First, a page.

Artist Ryan Whitepath is struggling. His six-year-old daughter, Nia, has been suffering from massive anxiety and depression ever since the death of her estranged mother. Although he understands, Ryan doesn’t know how to react, as Nia was never close to her mom. Carla lived all the way in London, which might as well have been the other side of the moon to a little girl living in the mountains of North Carolina. His grandmother insists that Nia will be healed by a redbird with a broken wing, but Ryan dismisses her prediction as old-fashioned nonsense. When a young woman shows up at his door asking for lessons in mosaics, Ryan immediately denies her request– he just doesn’t have room in his life for a stranger. But Nia attaches to the beautiful, red-headed Susannah immediately, and Ryan begins to think that she might be just the cure his little girl needs. But what happens when Nia isn’t the only one captured by the outsider?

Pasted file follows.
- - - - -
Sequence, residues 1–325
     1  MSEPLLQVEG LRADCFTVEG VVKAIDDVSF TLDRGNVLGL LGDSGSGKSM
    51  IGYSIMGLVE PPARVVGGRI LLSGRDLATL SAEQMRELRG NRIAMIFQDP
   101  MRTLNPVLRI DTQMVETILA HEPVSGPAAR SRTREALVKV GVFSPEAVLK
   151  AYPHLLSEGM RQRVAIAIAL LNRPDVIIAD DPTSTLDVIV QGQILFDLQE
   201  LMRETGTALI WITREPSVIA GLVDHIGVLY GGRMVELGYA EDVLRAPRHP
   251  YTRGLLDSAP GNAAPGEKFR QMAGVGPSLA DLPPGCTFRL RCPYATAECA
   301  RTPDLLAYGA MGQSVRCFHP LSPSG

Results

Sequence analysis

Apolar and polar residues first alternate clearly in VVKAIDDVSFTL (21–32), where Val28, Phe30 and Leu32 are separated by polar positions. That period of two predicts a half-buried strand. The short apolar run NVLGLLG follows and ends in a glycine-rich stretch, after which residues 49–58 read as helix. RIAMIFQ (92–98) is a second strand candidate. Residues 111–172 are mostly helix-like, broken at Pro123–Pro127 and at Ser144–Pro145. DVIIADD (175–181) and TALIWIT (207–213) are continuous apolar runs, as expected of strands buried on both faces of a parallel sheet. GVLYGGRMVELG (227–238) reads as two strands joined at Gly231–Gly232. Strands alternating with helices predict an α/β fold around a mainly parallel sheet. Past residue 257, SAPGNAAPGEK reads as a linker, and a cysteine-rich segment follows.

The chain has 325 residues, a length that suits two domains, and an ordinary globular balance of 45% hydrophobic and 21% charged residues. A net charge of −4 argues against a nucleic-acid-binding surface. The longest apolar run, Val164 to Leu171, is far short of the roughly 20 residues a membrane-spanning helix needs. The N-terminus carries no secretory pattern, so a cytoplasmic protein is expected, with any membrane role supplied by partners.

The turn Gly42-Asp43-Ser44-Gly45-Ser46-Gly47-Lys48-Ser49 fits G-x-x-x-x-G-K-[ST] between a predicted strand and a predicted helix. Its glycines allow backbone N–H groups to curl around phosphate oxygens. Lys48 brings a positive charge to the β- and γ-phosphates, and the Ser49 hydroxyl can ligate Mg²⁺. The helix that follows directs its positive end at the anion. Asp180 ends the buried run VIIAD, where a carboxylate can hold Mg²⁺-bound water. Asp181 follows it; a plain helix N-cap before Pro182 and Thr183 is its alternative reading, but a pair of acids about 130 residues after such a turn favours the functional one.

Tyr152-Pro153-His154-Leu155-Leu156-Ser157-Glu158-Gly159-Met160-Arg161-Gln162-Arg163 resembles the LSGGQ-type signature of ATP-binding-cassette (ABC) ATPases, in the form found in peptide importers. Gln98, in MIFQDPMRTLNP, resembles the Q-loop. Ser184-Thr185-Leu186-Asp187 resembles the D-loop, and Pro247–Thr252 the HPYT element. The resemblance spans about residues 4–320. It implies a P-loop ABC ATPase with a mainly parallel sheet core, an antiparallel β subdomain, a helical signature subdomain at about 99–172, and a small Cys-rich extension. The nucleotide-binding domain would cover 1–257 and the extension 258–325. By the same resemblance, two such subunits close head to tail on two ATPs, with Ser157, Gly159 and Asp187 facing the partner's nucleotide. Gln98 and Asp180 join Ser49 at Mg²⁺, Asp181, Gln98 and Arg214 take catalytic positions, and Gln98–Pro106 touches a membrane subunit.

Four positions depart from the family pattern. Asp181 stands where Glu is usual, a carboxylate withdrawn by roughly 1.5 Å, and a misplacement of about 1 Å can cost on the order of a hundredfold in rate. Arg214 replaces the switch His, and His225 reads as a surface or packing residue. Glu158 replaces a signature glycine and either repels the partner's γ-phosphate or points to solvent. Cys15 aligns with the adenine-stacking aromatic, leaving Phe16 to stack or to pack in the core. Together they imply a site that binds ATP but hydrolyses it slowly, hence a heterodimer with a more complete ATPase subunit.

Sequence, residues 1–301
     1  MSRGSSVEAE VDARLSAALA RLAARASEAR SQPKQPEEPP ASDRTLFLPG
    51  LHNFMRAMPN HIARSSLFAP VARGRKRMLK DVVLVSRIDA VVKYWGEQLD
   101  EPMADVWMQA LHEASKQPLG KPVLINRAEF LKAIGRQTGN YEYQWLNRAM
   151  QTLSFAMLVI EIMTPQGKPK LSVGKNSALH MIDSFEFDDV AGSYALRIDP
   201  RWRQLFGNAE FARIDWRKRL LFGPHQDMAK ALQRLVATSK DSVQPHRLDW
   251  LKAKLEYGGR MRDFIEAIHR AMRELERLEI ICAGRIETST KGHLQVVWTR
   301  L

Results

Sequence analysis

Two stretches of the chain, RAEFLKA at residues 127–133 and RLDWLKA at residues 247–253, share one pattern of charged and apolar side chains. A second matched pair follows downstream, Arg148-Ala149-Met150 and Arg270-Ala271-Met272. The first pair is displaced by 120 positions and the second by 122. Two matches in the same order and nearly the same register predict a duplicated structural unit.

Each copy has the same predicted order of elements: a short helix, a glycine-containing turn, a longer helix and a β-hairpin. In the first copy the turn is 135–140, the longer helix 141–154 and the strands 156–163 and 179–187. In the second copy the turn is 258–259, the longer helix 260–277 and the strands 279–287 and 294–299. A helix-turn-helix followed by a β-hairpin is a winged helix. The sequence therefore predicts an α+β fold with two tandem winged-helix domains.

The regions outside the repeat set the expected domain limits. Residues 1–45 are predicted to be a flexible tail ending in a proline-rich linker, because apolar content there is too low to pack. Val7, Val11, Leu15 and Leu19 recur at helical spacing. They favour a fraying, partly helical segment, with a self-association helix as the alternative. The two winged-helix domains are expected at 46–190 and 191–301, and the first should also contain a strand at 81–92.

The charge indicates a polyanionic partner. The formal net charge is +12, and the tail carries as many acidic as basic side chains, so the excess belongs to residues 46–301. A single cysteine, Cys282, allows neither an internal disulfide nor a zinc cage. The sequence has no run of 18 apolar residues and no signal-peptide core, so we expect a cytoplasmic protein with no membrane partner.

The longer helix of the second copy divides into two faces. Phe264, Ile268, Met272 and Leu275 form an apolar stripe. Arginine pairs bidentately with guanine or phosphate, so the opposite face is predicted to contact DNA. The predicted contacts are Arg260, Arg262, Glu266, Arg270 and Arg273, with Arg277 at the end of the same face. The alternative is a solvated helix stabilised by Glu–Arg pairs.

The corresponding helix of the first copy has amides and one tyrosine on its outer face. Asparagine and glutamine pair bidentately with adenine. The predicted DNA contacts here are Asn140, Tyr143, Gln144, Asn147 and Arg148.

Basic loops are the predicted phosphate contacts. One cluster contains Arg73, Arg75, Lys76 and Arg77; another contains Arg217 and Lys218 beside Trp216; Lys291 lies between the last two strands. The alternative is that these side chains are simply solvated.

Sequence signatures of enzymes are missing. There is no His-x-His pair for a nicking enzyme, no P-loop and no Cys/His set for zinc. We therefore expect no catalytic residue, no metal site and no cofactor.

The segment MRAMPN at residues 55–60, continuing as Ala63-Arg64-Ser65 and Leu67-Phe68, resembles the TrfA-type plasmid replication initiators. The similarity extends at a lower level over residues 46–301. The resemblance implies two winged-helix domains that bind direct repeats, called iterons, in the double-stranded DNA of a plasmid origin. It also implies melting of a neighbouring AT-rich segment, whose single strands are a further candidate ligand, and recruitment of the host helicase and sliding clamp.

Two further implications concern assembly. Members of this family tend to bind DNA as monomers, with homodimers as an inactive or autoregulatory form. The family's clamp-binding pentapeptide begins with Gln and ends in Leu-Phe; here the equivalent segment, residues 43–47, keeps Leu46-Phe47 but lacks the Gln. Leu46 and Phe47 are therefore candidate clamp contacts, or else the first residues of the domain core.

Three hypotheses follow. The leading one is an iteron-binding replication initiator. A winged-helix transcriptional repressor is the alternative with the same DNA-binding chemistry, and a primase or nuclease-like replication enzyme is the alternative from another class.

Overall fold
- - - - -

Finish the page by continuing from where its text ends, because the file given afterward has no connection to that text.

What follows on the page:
Check this title’s availability in the UNC-Chapel Hill Library catalog.

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Filed under 2010-2019, 2011, Graham, Mountains, Novels Set in Fictional Places, Robinson, Fay, Romance/Relationship

Casey Mayes. A Grid for Murder. New York: Berkley Prime Crime, 2012.

It’s natural that Savannah Stone is a prime suspects after Joanne Clayton is poisoned.  Savannah had the opportunity: half of Asheville saw Savannah having tea with the dead woman just hours before she died.  And the police think that Savannah had a motive: Joanne arranged to meet with Savannah so she could brag to her that she had gotten one of her puzzles in a newspaper that had repeatedly turned down Savannah’s.  Savannah senses that her story doesn’t seem convincing to the state police investigator handling the case, the chilly Captain North, so she decides that she’ll have to offer the police a more promising suspect.